World view: All for one, but none for all

July 13, 2001

Universities need radical restructuring to cooperate in addressing global problems, argues Sheldon Rothblatt.

The red carpet was not exactly rolled out for President George Bush during his visit to Gothenburg last month, but a polite gesture was made in the shape of a carpet, possibly Persian, laid for him in a side room of the city hall.

The visit of the United States president coincided with a meeting of the European Union Summit. There was much buzz about the Kyoto Protocol. The Bush administration will not endorse it, but after publication of a National Academy of Sciences report, the president conceded that global warming was a reality. Nothing better unites the Europeans than an American leader who will not commit to lower carbon emissions by 2010.

While summit participants discussed global trade, missile defence and the environment, a conference on "Knowledge and Learning for a Sustainable Society" was taking place at Gothenburg University that was co-sponsored by neighbouring Chalmers Technological University. The conference dealt with greenhouse gases, abrupt climate changes, ocean currents and the effects of ecological policies on economic performance - whether, for example, emissions trading should be allowed or whether the hecatombs resulting from foot-and-mouth disease constitute constraint of trade.

"Transparency", "harmonisation" and other elements of Eurospeak were the lingua franca. The tone of presentations was measured, scientific and academic, but ideological flare-ups occurred, most notably whenever the topic turned to the role of international business in promoting a sustainable environment.

The opening sessions, however, were of a different order. The questions focused on the modern university's capacity to address environmental and social issues. They included: can the university create the scientific and technological knowledge required to address key issues? Is the academic culture, its values, its modes of investigation, its capacity for internal cooperation and above all its reward system suitable for today's commitments? And is the internal organisation of knowledge appropriate? Can the university transfer its largely disciplinary base and subject loyalties into a smoothly coordinated system devoted to the general good?

I am confident that the scientific and technical achievements of the research university provide the knowledge base essential to resolve, or at least mitigate, many kinds of ecological and health problems. Whether the politicians can make the necessary commitments, or whether the numerous interests that comprise contemporary society can agree on aims, is a far more intractable problem.

My confidence is based on the two scientific transformations and several technical interludes of the past half century. The first transformation was in particle physics, which I recall as a golden age at Berkeley in the 1950s and 1960s, when the Lawrence Berkeley Laboratory produced what then appeared to be an unlimited supply of Nobel laureates. The second is the transformation in the medical and biological sciences, producing a revolutionary understanding of how the body works. Both are linked through the discovery of the chemical building blocks of nature and the use of high-speed and powerful computing to provide manipulations, modelling and correlations.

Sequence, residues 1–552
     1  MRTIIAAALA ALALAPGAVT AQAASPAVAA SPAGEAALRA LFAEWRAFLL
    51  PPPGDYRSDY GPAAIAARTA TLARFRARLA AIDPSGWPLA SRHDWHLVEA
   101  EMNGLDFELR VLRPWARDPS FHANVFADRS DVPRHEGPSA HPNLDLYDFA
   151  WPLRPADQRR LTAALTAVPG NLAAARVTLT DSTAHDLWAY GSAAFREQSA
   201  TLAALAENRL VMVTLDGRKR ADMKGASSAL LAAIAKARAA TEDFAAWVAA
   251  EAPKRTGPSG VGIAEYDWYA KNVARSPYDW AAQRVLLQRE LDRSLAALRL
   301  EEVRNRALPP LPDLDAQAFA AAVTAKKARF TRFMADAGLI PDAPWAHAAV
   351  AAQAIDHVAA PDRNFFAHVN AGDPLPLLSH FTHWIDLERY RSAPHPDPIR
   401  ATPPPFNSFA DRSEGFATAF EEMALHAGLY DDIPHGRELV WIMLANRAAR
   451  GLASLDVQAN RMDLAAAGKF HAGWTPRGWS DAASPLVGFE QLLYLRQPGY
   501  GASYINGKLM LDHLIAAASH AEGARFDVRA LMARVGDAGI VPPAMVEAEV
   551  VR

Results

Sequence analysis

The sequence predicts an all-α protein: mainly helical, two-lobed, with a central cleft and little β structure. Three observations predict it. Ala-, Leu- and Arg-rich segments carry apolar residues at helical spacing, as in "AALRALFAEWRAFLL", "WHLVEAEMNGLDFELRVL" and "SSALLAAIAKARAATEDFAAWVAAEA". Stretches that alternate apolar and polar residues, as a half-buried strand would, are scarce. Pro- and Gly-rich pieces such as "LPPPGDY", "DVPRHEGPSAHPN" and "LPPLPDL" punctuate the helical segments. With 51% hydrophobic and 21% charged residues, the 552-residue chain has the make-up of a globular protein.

The ability to generate the knowledge exists. Furthermore, the academic culture is prepared to apply that knowledge to problem-solving.

The reward structure, however, is a thorny question that research universities have not adequately confronted. The public knowledge of today is closely correlated with teamwork - among disciplines, between disciplines and in research teams and centres straddling separate universities and national boundaries. How is credit to be apportioned, the grain separated from the chaff? The extraordinary individualism that came into universities via Humboldtian ideals of originality is not so relevant when the tasks are multiple, and discovery and application are nearly synonymous in many fields.

New universities often create transdisciplinary departments and programmes. All universities have research units that borrow academics from the disciplines, temporarily or long-term. Some institutions have created shared institutes, such as Harvard and the Massachusetts Institute of Technology on urban affairs, or Gothenburg University and Chalmers, whose joint Centre for Environment and Sustainability administered the Gothenburg conference. Disciplinary specialisation, organised into departments or their equivalent, is the basic structure of research universities. Departments provide a home, a history and a sense of institutional loyalty that are necessary but no longer sufficient.

A strong case exists for weak internal divisions that encourage easy movement across subject boundaries. Vested interests should be avoided, so that fiefdoms and their petty bureaucracies cannot develop. Cross-disciplinary units can then dissolve when no longer functional. The funding and reward systems would have to be defined in ways that do not subject such freedom to haggling. Some of this is already happening. The real difficulty is where to situate the humanities and the social sciences in this universe of movement, teamwork, applied knowledge and public service.

If I have great confidence in the possibilities of a high-technology civilisation to address certain kinds of problems, I have none whatsoever in the university's record for transmitting a culture of dignity, compassion, human worth and decency in these days of mindless self-absorption, trivial amusement and gluttony.

Sheldon Rothblatt is professor of history at the University of California, Berkeley.

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